α0

α1

Range: 300 ≤ T < 1000 [K] H2 O 1.563e+3 1.604e+0 O2 8.348e+2 2.930e−1 CO2 4.299e+2 1.874e+0 N2 9.790e+2 4.180e−1 Range: 1000 ≤ T < 5000 [K] H2 O 1.233e+3 1.411e+0 O2 9.608e+2 1.594e−1 CO2 8.414e+2 5.932e−1 N2 8.686e+2 4.416e−1

α2

α3

α4

−2.933e−3 −1.496e−4 −1.966e−3 −1.176e−3

3.216e−6 3.414e−7 1.297e−6 1.674e−6

−1.157e−9 −2.278e−10 −4.000e−10 −7.256e−10

−4.029e−4 −3.271e−5 −2.415e−4 −1.687e−4

5.543e−8 4.613e−9 4.523e−8 2.997e−8

−2.950e−12 −2.953e−13 −3.153e−12 −2.004e−12

The particle phase in the recovery boiler superheater region can be considered to consist of carryover (combusted black liquor droplets) and of fume (condensed sodium and potassium 5

salts). In this work, the average carryover concentration was measured to be 1.1 g/Nm3 , which is in line with values reported in Vakkilainen (2005). The fume concentration is approximated to be 15.6 g/Nm3 , according to the work of Mikkanen et al. (1999). Based on these values, the total volume fraction of the particles is approximately 1.4 × 10−6 and the particle loading ratio is approximately 1.3 × 10−2 (see Elghobashi (1994) and Di Giacinto et al. (1982) for details). Therefore, the effect of the particles on the flow field is considered minor and it is not included in the model. Since particle-based erosion is typically minor in recovery boilers (Vakkilainen, 2005), a one-way coupled solution of the particle tracks is not included in this work. The energy equation is N ∂ρu j h ∂ ∂T X = (λeff − hn Jn, j ) + S rad ∂x j ∂x j ∂x j n=1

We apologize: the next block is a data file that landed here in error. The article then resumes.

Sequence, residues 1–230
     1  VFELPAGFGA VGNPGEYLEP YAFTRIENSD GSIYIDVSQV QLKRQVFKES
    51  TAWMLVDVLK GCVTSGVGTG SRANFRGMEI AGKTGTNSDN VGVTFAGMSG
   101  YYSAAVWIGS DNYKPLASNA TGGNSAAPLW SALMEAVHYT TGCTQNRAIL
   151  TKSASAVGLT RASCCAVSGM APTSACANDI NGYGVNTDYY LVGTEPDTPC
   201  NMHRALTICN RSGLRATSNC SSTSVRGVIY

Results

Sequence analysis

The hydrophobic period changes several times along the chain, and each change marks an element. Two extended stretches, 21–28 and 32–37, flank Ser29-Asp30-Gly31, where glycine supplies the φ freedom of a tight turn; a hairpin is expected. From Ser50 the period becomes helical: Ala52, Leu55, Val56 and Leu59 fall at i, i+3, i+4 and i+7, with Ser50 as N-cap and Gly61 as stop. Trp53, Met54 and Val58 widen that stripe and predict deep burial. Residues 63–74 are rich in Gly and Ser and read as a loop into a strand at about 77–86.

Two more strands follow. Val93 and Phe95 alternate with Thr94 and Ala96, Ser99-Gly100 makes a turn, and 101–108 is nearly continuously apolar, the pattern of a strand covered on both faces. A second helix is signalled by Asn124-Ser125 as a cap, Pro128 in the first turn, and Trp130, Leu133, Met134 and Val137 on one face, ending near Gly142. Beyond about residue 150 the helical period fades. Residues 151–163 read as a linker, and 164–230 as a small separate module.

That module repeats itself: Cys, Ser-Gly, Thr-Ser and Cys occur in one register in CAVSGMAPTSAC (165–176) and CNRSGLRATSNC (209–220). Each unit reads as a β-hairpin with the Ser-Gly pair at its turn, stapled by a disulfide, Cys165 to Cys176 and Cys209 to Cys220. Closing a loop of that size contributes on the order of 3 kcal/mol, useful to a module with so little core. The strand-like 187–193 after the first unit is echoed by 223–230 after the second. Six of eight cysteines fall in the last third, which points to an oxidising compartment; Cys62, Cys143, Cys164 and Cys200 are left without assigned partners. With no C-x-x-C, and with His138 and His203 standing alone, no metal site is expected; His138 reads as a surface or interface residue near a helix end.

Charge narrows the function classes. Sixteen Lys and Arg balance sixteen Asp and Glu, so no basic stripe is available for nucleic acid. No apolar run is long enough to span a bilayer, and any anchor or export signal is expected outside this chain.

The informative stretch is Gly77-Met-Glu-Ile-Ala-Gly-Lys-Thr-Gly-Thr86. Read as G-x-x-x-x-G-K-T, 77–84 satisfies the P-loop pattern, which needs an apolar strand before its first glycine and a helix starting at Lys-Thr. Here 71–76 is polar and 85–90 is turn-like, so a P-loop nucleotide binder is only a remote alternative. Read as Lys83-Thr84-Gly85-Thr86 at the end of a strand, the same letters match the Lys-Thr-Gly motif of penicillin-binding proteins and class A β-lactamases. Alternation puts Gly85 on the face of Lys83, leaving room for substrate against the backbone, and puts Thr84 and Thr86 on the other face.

(4)